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So what are the best cameras for adventure filmmaking?


We were recently asked to write a column on Adventure Filmmaking for Pro Movie Maker magazine - and what kind of equipment you need to kick start your career in adventure films...So for those of you wondering what we, in our humble opinion recommend, read on!

Obviously there are no hard and fast rules, what works for us doesn't mean it'll work for you. By no stretch of the imagination do we have the latest and best gear, but it works for us, is affordable and most importantly can deal with the conditions we work in.



"While Action Cameras like GoPro are a useful asset to have when shooting action sports they’re not really sufficient to use by themselves if you’re trying to create professional productions. Considerations we need to take in mind are weight, quality, durability and weatherproof-ness.

Weight is a big issue for us, we need to be able to carry everything on our backs, and have our hands free for scrambling and balance, but most importantly we can’t afford to be wasting time trying to lug up huge cameras and the missing our shot! A lot of our filming is on record attempts or mountain races where you don’t have time to recreate the shot, if you miss it, too bad. We pride ourselves on being able to move along fast and light, so that we can keep up (at least for a short time!) the athletes we’re filming.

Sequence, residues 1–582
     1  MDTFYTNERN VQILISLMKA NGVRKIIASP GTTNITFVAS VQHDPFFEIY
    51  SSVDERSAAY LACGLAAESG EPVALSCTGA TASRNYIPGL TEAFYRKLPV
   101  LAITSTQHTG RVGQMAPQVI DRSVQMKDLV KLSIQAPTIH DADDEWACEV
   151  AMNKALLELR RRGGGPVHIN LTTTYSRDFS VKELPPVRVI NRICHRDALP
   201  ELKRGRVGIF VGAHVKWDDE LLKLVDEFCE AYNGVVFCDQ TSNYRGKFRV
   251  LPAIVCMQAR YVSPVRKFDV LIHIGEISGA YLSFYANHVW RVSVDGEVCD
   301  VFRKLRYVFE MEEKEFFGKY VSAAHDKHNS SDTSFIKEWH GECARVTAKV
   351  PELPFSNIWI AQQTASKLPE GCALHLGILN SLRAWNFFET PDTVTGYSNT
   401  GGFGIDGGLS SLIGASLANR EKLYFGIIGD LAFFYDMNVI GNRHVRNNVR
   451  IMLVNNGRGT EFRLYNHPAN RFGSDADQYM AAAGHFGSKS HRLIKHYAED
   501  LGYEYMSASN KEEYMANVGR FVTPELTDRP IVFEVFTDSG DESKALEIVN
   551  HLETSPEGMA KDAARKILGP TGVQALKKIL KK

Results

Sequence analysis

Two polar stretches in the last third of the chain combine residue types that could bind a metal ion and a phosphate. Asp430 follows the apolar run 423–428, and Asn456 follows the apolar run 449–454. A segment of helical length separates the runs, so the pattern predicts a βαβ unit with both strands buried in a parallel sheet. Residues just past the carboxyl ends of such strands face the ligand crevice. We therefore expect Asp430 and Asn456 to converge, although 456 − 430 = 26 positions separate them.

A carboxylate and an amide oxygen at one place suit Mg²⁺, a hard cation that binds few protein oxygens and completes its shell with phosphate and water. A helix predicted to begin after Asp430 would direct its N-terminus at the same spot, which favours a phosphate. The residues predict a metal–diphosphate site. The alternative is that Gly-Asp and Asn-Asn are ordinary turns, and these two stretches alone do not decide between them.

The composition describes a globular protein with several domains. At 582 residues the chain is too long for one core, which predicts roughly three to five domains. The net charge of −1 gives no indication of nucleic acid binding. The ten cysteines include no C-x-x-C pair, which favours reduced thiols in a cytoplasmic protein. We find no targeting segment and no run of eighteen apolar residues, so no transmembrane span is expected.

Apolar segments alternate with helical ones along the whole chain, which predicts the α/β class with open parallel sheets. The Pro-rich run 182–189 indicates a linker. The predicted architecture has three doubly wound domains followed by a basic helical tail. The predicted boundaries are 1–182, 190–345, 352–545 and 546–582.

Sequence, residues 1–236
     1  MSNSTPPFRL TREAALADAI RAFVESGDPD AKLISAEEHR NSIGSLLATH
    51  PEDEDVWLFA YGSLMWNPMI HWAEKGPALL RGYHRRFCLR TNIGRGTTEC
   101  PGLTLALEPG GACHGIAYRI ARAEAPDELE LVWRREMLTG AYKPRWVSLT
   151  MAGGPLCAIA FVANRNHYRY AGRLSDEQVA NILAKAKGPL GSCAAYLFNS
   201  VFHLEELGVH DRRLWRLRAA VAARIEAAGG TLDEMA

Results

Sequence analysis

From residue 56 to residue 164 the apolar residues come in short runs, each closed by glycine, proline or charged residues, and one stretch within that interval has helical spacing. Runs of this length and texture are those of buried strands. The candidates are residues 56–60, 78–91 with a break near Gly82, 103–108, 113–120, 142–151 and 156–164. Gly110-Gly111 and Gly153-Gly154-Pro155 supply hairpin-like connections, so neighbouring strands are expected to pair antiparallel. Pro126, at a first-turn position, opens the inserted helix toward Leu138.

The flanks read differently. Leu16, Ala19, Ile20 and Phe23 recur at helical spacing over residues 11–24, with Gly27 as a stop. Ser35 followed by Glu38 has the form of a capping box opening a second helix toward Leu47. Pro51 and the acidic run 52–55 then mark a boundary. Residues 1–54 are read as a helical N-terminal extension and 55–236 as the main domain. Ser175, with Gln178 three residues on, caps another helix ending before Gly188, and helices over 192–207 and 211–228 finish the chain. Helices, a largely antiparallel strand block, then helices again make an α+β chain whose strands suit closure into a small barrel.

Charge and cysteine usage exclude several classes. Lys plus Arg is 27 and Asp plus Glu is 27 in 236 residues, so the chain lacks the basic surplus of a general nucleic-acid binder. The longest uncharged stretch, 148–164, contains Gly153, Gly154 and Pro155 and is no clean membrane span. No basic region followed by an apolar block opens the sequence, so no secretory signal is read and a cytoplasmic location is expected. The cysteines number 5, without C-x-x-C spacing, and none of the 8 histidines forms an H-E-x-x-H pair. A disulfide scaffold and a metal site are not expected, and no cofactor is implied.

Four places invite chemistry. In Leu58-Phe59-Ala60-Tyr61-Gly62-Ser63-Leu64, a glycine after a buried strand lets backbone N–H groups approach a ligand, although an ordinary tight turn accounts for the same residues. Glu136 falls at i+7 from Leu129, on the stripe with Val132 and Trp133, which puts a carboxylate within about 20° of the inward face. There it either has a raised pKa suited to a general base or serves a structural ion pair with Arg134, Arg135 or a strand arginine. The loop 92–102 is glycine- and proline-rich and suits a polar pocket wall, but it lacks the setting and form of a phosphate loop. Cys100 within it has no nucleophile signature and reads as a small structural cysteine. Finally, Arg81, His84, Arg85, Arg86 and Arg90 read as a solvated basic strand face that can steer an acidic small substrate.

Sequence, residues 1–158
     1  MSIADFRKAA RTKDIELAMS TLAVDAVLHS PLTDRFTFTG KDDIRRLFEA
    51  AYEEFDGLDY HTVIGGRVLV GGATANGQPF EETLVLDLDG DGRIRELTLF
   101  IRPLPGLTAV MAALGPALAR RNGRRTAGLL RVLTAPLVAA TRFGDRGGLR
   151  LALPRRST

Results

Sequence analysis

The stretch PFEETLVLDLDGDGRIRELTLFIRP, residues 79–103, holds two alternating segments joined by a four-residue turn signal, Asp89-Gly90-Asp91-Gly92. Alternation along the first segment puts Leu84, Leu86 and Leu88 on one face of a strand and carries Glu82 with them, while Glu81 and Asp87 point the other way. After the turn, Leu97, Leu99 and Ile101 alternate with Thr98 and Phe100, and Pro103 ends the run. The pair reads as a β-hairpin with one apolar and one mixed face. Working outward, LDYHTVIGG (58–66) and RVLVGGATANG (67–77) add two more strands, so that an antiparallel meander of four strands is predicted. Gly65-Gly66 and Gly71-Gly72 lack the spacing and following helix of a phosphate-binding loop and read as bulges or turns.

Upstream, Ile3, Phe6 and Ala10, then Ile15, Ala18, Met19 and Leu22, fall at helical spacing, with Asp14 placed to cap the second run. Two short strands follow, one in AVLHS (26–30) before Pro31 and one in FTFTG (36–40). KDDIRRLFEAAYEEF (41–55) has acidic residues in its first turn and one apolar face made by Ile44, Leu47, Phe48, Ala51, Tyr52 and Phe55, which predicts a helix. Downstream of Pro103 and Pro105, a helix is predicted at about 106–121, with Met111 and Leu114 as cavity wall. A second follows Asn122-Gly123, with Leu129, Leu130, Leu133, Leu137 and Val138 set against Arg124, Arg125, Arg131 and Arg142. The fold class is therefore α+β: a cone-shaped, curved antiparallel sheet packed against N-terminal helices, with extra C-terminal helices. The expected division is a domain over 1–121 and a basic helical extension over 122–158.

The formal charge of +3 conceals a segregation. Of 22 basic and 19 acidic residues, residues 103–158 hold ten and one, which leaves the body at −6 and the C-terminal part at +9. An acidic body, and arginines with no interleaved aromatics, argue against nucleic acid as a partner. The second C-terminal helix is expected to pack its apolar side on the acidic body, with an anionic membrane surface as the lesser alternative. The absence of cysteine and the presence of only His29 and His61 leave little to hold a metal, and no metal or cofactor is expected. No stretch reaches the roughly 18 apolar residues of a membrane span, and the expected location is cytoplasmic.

Our cameras have to be fairly robust, be able to take a few knocks and not be too sensitive to rain or snow, action cams here, are fantastic. You can shove one in your pocket, run with one on your head and have it filming in seconds and in all weather. They are a brilliant backup camera. Our workhorse cameras are the Lumix GH4 (our favourite) or the Sony A7S. We favour the GH4, mainly because of the price difference!



It’s weatherproof, reliable, easy to use with gloves, the lenses are lightweight, and the body is tiny, & super lightweight. It films in 4K if you need, and the quality is exceptional. In our eyes the main advantage of the A7S over the GH4 is its capabilities in low light conditions.

The other item of kit worth investing in would be some kind of stabiliser. We use a Ronin M to reduce the Blair Witch effect, nothing worse than feeling sea sick watching a film of someone bouncing along a trail or heading up a mountain. For what is does the Ronin M is a bargain, much lighter than it’s big sister, the Ronin, and packs down into our bag and carries our GH4 with ease. It can be sensitive to weather, so can be high maintenance. The other option would be the Osmo - again, a great backup to be combined with footage from an A7S or GH4, comes with it’s own interchangeable camera that is still pretty good and can be upgraded to use DJI’s other cameras.

If you are wanting to get started, then I would recommend a basic kit of a GH4, gorillapod or superlight tripod & a DJI Osmo.


Last but not least, you often forget in the adrenaline and excitement to look after yourself… take something to eat and drink and be prepared for the weather."

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